Kalahari Desert

Behavioural Ecology and Physiology Research Group

Learn more about the work of the group

The Behavioural Ecology and Physiology Research Group studies the functions, mechanisms and development of behavioural and physiological interactions between organisms’ and the environment.

We use a range of approaches to address our research questions. These include observations of behaviour and physiology in the laboratory and in the wild with particular focus on social interactions, phenotypic plasticity, cognitive abilities, transgenerational effects and circadian rhythms. Our research includes analyses of energy metabolism and nutrition, methylation, neurophysiology, photosynthesis and climate change, gene expression, communication, and personality.

Members of this group have published recent findings in high profile journals in their fields, including Genome Research, Biological Psychiatry, Proceedings of the Royal Society B, Animal Behaviour, Elife, Functional Ecology and Behavioral Ecology.


  • Social behaviour, including communication and signalling, cooperation and conflict 
  • Learning and cognition  
  • Behavioural neuroscience and neurophysiology
  • Ecophysiology, especially thermal biology and metabolism
  • Plant environmental physiology
  • Functional ecology 
  • Circadian biology  
  • Metabolism  
  • Microbiomes
  • Neuroendocrinology
  • Nutrition and obesity
  • Phenotypic plasticity  
  • Transgenerational effects/Epigenetics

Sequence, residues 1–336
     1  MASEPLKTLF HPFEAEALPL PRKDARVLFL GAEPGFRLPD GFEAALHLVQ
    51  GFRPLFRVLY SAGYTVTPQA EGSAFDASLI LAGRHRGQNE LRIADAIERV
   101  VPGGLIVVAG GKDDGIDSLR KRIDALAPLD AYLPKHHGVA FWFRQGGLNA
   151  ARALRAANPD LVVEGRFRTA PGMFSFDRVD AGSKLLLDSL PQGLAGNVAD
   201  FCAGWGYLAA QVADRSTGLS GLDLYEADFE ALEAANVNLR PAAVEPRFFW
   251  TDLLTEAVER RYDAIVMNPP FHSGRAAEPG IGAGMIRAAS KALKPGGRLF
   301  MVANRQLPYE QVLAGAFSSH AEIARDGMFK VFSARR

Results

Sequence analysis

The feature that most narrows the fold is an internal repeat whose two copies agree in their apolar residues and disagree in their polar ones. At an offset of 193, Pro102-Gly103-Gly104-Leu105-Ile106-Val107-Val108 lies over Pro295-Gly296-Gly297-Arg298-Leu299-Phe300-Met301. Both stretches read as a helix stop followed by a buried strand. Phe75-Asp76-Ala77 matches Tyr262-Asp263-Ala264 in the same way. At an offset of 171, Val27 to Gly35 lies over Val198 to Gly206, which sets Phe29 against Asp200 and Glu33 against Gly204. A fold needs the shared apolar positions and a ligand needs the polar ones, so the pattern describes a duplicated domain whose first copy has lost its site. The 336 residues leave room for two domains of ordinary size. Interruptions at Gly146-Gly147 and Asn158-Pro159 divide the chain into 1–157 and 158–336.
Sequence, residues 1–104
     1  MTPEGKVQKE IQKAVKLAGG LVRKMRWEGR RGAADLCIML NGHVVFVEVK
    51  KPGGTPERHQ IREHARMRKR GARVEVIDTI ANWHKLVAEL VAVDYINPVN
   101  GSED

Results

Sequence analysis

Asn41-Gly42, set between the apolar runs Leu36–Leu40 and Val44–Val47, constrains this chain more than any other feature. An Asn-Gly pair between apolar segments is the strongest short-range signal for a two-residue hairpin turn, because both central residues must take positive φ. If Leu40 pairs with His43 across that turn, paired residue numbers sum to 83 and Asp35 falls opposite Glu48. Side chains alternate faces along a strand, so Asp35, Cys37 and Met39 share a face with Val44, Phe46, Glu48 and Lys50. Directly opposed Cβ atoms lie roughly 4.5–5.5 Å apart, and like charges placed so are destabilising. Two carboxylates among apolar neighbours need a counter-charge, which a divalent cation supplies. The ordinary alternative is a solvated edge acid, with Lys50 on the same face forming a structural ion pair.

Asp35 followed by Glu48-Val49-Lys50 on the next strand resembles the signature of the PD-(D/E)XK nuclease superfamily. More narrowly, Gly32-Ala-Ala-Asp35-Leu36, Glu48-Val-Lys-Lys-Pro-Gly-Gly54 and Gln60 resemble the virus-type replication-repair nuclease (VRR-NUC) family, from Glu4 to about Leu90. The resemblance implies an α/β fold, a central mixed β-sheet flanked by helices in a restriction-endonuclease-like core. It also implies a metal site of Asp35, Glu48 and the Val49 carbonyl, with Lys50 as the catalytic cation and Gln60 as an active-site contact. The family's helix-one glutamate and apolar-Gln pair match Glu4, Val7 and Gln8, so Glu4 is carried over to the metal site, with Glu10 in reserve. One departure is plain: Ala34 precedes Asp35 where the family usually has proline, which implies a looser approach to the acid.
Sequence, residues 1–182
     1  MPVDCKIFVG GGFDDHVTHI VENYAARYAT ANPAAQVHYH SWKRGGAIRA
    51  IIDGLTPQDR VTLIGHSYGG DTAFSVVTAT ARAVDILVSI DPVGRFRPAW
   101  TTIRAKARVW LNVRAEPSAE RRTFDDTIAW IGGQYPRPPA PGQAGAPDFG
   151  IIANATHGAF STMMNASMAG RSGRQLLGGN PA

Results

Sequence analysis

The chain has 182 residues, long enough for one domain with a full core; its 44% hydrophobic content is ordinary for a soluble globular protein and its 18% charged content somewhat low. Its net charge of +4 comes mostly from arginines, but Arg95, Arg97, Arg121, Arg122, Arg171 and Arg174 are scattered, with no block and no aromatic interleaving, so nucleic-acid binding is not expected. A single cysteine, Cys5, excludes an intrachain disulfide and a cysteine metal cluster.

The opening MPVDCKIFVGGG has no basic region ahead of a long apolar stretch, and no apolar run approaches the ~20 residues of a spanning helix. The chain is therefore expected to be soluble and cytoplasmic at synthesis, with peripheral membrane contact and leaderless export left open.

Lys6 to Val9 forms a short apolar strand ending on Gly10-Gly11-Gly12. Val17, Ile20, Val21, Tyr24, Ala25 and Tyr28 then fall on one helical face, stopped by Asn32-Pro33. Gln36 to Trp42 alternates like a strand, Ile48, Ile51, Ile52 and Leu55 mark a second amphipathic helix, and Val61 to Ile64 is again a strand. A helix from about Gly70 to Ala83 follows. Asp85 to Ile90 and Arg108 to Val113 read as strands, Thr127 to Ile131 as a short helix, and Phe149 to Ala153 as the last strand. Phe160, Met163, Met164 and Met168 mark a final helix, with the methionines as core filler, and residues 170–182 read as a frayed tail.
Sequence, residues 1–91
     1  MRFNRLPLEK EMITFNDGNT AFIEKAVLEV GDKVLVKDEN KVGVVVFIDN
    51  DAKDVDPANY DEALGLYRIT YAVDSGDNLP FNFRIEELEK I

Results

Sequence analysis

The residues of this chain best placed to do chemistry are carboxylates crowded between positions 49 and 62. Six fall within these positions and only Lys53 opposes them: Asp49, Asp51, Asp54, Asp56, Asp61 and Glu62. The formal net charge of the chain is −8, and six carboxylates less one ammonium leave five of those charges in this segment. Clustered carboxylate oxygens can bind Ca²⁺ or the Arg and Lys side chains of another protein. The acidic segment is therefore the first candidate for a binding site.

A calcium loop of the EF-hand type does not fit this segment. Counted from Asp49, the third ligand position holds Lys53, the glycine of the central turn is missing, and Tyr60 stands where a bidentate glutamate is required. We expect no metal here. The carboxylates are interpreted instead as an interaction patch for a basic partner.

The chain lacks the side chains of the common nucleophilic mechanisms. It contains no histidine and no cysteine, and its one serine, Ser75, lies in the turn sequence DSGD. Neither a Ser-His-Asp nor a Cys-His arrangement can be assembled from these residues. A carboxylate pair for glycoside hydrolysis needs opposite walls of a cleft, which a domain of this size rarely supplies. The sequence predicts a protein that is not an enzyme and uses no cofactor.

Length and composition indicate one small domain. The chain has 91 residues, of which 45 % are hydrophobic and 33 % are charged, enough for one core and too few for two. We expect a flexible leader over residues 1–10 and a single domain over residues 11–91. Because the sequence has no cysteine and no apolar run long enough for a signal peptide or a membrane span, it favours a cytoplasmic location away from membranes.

• Animal personality


Molecular biology, histology, tissue culture and cell biology laboratories, hormone analysis facilities, freshwater fish colonies (Tanganyikan cichlids and zebrafish), dedicated behaviour observation and experimentation facilities, respirometry and photosynthesis laboratories, glasshouses.


We have close links with many academic institutions across the world, including Monash University and University of New South Wales (Australia), Universities of McGill, McMaster and Alberta (Canada), Universities of Pisa and Ferrara (Italy), University of Wageningen (Netherlands), Netherlands Institute for Sea Research (Netherlands), CNRS (France), Universities of Potsdam, Heidelberg and Aachen (Germany), CSIC (Spain), Nanjing Agricultural University (China), Brigham and Women’s Hospital/Harvard Medical School UCLA and University of Illinois (USA), Universities of Bristol, Brighton, Cambridge, Cardiff, Chester, Exeter, Liverpool, London (Birkbeck College), Manchester and Salford (UK).

Projects/case studies

Colour polymorphism – more than just different colours

Communication in animal social groups

Hibernation comes with costs

Photoperiods and Nasonia

The mammalian brain and circadian rhythms

Highly productive plants

Human environmental physiology

PhD Students

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